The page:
• wildcat Oct 13, 2011

    What an inspiring story. I have autistic twins in my family and we all love them and they are a joy. They are smart. On is a boy and the other is a girl. Mother is a single parent. So you know her work load is heavy. Keep her and the twins in your prayers.

  • kpow98 Oct 13, 2011

    Inclusion is just one the tools we have used to take on autism. Declan is on a restricted diet, gluten and casein-free. We do this because it works for us, but I know it has not worked for many other people. That is the challenge with autism- each child has different challenges and responds differently to treatments. You have to find and fight for what is best for your child. Declan's brother is not his shadow in the class, as was written in the story. We have a team of shadows that rotate working with Declan. Yes, we have OT and speech therapy. We have tried many things, that is our job as parents, to find what we can do for our children so that they may reach their potential. Inclusion, I believe, would not work for every child or every school. It is all about having choices. To be certain, as a parent with a typically developing child in the same classroom we would never compromise the ability of the other children to learn...we just happen to believe that teaching children to be go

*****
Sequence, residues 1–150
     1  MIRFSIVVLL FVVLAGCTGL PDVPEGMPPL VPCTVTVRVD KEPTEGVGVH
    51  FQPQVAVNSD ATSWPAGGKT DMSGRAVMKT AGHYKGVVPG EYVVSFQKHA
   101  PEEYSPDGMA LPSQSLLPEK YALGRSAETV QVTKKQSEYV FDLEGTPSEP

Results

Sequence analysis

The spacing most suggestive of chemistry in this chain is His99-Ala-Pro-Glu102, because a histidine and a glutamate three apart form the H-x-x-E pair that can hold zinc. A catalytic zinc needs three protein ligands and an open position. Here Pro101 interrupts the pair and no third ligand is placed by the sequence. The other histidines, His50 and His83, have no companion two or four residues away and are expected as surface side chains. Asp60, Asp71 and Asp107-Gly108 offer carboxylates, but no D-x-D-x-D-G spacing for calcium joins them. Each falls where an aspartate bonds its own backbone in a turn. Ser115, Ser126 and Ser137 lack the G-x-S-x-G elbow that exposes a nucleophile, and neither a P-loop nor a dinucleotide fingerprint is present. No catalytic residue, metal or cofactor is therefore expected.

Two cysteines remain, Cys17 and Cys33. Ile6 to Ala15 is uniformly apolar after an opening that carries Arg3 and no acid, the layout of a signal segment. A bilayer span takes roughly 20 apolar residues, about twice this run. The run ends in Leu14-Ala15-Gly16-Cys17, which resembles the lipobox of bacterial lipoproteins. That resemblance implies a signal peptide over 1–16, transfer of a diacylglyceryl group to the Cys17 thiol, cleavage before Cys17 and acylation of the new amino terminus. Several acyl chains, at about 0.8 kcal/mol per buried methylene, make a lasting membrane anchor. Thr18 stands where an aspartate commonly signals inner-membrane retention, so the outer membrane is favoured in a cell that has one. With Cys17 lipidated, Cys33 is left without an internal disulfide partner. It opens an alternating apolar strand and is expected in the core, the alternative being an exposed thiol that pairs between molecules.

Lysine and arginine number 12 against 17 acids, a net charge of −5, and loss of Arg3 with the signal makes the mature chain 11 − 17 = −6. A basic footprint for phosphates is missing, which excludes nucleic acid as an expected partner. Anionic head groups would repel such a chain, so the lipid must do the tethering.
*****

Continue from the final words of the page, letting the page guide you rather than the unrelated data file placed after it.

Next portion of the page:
• wisabear70 Oct 13, 2011

    @shadow213- yes he has a "shadow" or helper when he is in his mainstream classes.

  • Pseudonym Oct 12, 2011

    Quote from Southern Gal: "It would be helpful if you could specifically name just 2-3 items to remove from the diet which you have found helpful for your child. Thanks"

    Start with anything that has red 40 in it: FD&C Red 40, Red 40 Lake, even caramel color. Google red 40 and the first hit will be a website advocating banning it.

  • Shadow213 Oct 12, 2011

    Is there an occupational therapist to help him out during class sometimes? I think it's great he's in a class with his brother, but I wonder if relying on the brother to provide help when the teacher can't is always the best thing for the brother...

  • lj3angles Oct 12, 2011

    I appulade the school for taking a chance and wish other schools couls learn and follow from their example. I wish this little man the best of luck and my hats go off to his parents for fighting for him. As a parent with a child with autism I see so many parents just give up and be rail roaded by the system.

  • lj3angles Oct 12, 2011

    @timbo.10.0 I think that your comment is very ignorant. no matter the disability every child derserves the the best eduction possible, and If you had a promblem with this you should have removed your child from the class. we can learn alot from children with disabilities. the comment you made about wishing her child was normal shows just how ingorant people can be. I have a son how is austic and I love him just the same and just how do you define normal because in some way or another everyone is diffrent and maybe to this child your kid was not normal. so before you start judgeing kids with disabilties you should walk a mile in our shoes.

  • Southern Gal Oct 12, 2011

    To: Pseudonym... "parents would be wise to experiment with his diet, including cutting out foods with artificial dyes and glutens".

    My child is high-functioning autistic, too.
    It would be helpful if you could specifically name
    just 2-3 items to remove from the diet which you have found helpful for your child. Thanks!